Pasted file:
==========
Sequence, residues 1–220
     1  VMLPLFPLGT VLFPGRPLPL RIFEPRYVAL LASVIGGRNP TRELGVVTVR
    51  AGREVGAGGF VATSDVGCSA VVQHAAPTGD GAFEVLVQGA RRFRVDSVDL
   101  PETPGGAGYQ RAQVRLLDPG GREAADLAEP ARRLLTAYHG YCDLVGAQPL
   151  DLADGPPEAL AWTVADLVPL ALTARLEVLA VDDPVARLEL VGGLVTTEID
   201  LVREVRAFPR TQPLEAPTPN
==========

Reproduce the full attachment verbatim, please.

Sequence, residues 1–220
     1  VMLPLFPLGT VLFPGRPLPL RIFEPRYVAL LASVIGGRNP TRELGVVTVR
    51  AGREVGAGGF VATSDVGCSA VVQHAAPTGD GAFEVLVQGA RRFRVDSVDL
   101  PETPGGAGYQ RAQVRLLDPG GREAADLAEP ARRLLTAYHG YCDLVGAQPL
   151  DLADGPPEAL AWTVADLVPL ALTARLEVLA VDDPVARLEL VGGLVTTEID
   201  LVREVRAFPR TQPLEAPTPN